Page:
By Lilian Anekwe
The 2004 GP contract has turned general practice into a ‘hierarchical’ profession with simmering resentment between partners and salaried GPs, a new analysis finds.
A wide-ranging report prepared for the Department of Health on the effects of offering financial incentives on GP behaviour found that the growth of salaried GP employment had meant general practice teams were often ‘characterised by hierarchical relationships’.
The researchers, including influential academics from the National Primary Care Research and Development Centre, said the rewards from high QOF achievement had not been fairly distributed between GP partners and salaried GPs – leading to ‘tensions’.
‘We identified tensions arising with respect to perceived inequalities in relation to workloads and rewards. Salaried GPs expressed concerns about the distribution of additional income from the QOF and its relationship to effort.
‘There was evidence in our study of practices becoming increasingly hierarchical in nature. GP partners were generally above salaried GPs in both the formal and informal hierarchy.
‘The increasingly hierarchical nature appears to be leading to differential GP status in many practices. Although many GP partners described the salaried GPs they employed as valued colleagues by no means all did this.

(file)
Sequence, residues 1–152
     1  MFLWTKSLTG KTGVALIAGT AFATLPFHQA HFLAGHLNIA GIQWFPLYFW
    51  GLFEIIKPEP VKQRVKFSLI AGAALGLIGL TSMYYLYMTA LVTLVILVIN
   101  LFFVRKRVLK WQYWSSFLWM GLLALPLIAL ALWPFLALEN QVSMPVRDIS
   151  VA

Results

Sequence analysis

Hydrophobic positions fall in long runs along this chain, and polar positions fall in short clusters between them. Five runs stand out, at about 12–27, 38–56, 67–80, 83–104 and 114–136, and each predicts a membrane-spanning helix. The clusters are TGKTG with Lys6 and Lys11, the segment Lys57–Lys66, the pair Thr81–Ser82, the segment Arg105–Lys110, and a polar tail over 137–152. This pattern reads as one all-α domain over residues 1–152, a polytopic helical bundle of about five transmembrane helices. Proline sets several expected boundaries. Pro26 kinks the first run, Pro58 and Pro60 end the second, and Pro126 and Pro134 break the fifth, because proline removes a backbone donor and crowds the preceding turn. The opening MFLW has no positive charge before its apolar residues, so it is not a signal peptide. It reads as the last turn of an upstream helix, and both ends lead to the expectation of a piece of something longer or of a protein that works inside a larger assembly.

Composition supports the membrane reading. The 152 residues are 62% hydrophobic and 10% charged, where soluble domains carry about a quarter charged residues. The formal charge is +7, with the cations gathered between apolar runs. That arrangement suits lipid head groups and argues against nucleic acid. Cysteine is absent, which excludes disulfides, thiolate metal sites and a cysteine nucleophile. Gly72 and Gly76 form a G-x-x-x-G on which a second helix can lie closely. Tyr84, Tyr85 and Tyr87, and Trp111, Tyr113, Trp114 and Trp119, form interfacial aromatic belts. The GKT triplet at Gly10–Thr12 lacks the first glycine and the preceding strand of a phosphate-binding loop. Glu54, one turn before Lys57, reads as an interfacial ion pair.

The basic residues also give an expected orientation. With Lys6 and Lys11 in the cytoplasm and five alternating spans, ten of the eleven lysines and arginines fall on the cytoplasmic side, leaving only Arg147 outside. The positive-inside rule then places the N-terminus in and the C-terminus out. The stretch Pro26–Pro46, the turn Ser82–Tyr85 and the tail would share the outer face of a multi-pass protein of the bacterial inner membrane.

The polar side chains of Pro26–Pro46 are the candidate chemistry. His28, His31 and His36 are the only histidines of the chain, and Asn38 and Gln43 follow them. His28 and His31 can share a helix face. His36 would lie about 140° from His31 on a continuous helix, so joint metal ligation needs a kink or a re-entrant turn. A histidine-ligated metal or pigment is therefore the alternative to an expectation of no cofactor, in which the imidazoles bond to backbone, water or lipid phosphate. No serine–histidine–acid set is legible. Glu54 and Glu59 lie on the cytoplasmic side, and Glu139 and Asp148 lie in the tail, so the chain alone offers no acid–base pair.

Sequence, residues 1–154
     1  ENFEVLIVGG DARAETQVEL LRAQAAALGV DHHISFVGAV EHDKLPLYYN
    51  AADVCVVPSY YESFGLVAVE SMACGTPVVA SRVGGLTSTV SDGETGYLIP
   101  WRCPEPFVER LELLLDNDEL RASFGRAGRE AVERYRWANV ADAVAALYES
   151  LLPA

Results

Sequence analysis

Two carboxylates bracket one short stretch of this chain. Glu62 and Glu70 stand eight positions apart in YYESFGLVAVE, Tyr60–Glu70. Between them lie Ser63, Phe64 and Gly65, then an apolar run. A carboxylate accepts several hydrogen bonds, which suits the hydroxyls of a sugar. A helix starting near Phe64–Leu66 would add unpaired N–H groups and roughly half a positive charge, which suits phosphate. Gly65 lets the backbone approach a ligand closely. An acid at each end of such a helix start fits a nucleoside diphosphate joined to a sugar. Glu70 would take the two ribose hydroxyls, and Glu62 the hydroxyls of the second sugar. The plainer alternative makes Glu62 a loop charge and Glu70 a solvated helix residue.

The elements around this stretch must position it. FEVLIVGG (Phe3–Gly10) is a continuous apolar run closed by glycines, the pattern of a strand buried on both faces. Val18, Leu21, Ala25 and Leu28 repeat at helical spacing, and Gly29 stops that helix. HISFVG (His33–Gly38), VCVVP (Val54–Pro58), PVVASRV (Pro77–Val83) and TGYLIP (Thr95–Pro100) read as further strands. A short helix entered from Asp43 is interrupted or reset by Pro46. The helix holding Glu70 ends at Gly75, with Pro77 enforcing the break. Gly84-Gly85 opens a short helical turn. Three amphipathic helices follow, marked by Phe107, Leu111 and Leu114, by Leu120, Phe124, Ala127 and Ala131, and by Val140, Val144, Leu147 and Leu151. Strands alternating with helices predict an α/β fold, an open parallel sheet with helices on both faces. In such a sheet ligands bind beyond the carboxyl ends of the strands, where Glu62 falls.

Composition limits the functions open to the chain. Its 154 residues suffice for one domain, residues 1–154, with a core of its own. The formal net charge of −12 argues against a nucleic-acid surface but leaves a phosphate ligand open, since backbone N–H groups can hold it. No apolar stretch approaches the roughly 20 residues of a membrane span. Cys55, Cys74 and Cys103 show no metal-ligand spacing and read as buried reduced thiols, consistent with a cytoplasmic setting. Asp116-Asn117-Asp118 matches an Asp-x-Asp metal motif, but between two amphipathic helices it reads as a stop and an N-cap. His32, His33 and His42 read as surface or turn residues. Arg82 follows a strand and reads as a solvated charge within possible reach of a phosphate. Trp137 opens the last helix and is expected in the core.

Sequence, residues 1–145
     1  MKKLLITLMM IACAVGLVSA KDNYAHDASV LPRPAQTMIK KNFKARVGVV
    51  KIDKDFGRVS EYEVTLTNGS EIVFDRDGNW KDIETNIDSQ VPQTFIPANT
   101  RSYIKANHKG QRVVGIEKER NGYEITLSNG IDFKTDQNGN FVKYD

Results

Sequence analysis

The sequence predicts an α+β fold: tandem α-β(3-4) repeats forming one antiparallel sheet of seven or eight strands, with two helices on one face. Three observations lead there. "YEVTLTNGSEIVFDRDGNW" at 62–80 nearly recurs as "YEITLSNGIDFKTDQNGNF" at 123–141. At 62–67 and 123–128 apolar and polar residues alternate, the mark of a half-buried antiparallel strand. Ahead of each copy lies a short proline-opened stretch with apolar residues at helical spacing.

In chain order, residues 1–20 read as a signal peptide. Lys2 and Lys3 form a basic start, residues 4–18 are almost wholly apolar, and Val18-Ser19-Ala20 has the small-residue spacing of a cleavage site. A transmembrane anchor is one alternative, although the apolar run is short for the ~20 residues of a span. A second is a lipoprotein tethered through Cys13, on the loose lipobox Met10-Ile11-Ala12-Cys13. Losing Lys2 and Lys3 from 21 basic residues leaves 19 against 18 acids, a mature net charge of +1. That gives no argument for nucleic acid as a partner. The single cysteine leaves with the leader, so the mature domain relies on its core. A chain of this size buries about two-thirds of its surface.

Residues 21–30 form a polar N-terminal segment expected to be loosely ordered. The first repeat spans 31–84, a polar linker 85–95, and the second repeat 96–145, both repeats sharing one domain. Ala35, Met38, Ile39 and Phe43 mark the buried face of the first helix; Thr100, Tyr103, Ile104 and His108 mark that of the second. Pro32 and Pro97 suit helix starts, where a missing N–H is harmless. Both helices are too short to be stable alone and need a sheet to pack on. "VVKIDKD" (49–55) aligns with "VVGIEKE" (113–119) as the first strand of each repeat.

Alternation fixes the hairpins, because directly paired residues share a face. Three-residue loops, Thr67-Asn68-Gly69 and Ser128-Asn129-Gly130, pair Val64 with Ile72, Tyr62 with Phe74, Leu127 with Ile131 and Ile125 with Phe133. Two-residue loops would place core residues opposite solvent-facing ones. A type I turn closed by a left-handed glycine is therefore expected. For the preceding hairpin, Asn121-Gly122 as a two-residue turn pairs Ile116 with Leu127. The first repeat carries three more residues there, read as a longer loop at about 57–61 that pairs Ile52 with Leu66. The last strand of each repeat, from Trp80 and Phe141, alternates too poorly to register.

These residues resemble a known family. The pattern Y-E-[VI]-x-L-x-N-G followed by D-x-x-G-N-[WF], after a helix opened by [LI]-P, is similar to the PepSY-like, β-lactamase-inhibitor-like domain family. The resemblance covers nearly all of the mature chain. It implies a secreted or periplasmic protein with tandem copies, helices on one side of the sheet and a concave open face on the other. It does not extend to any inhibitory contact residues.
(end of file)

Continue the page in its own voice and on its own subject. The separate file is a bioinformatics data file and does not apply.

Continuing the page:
‘The comments by salaried GPs suggest they perceive their treatment as inferior to partners and as unfair in many cases. This state of affairs appears to be leading to two tiers of GP professionals.’
Study leader Professor Ruth McDonald, professor of healthcare innovation at the University of Nottingham, said: ‘One of the unintended consequences of the QOF has been that there are more salaried GPs, and many feel their financial rewards from the QOF are not commensurate to their efforts.’
GP contract has led to ‘hierarchical’ profession